2019 saw a number of major political changes in Europe with the European Parliament elections accompanied by a number of domestic elections and ongoing Brexit uncertainty. While investors would probably have treated such developments with apprehension during the crisis years, in 2019 they appeared to embrace the changes.
In Greece, the centre-right New Democracy party won power in July with the country’s new prime minister hoping that a series of tax cuts and pro-market reforms will boost growth without thwarting ambitious budget targets. Although investors bought in to this narrative, with the country’s market-implied probability of default tumbling roughly 25 percentage points over the course of 2019, Fathom cautions that fiscal objectives are unlikely to be met if economic growth falls short of expectations.
Years of austerity have enabled Greece to transform a double-digit primary budget deficit into a sizeable surplus which should give the government some fiscal space in the near term. However, the country’s long-term fiscal outlook remains bleak with emigration since the start of the crisis reducing the working-age population by 7%, leaving nominal per capita public debt in excess of €30,000, more than double the level it was in 2000.
There was political change in Italy too with the League-Five Star coalition collapsing less than two years into its first term (as Fathom had long predicted). The decline in investors’ perception of Italian euro exit risk last year, and its decoupling from the default risk indicator, largely reflected the pro-European stance of the Democratic Party who took the League’s place in the coalition.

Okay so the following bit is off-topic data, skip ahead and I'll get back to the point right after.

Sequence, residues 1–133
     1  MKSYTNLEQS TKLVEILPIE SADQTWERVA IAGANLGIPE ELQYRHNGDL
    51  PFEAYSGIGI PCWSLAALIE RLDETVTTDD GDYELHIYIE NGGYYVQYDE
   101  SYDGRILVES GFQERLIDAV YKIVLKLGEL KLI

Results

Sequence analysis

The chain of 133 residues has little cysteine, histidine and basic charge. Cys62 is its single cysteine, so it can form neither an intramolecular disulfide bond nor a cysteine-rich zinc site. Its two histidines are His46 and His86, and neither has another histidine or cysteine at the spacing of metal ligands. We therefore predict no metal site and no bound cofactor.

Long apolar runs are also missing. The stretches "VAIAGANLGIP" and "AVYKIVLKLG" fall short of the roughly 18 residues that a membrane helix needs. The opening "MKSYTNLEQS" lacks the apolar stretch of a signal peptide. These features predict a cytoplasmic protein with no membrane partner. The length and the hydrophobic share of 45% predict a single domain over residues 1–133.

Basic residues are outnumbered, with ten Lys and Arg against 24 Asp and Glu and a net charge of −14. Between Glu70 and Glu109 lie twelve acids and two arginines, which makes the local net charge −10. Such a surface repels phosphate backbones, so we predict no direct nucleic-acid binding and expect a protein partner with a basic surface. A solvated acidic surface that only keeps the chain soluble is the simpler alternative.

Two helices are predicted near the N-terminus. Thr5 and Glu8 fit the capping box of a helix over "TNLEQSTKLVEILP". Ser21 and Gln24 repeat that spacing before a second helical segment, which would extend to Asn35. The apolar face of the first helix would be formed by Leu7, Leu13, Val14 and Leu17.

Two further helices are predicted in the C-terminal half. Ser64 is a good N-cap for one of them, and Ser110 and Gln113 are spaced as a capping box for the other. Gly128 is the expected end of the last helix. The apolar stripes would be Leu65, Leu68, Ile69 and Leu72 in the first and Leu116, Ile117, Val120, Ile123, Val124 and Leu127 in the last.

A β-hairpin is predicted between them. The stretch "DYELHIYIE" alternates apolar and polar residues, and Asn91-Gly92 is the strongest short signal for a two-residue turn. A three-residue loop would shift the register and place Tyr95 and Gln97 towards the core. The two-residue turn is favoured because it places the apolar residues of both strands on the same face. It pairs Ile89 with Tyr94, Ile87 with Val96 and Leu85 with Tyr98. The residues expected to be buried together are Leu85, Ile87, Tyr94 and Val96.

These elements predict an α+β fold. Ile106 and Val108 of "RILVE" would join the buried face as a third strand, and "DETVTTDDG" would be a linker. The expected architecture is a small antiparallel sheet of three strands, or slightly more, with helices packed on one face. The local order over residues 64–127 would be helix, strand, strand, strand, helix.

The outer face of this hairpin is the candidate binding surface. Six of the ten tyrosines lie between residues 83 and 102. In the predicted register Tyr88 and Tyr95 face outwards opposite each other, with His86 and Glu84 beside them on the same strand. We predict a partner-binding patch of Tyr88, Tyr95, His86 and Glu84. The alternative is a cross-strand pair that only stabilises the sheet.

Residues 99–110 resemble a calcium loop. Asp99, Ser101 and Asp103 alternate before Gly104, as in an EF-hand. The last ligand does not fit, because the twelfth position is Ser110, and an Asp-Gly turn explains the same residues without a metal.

In Spain, two general elections — taking the total to four in as many years — failed to produce a clear result, with Prime Minister Pedro Sánchez’s coalition forced to rely on votes from regional politicians in order to form a government. Despite the ongoing political uncertainty and continued tensions in Catalonia, investors remain calm and do not see a risk to either the government’s fiscal stability or the country’s future within the euro. The Spanish economy has outperformed the region for several years, with a recovery in domestic demand spurred on by a rapidly falling unemployment rate; whether this continues in the coming quarters will be key to the country’s outlook.
Overall, the euro area starts this decade with an outlook distinctly different from that at the start of the last. In the 2010s, the key story in Europe was the debt crisis that saw investors fear for the solvency of many sovereigns in the periphery, and the subsequent policy response. However, by the end of the decade, the market-implied probabilities of both default and exit had fallen below 10% in all countries. Fathom agrees that the odds of these events are lower than in the past but still believes they are some way north of the likelihoods implied by markets, especially if another downturn should occur.
The charts in this article have been created using Chartbook on Datastream. The Chartbook, created and maintained by Fathom Consulting, is a library of over 9000 charts, containing up-to-date macro and financial market data for over 170 countries. Whether it is a particular topic, country or variable you are interested in charting, the Chartbook has everything you need. Simply type search ‘cbook’ into your Eikon search bar or click the ‘Chartbook’ tab on Datastream to find out more.
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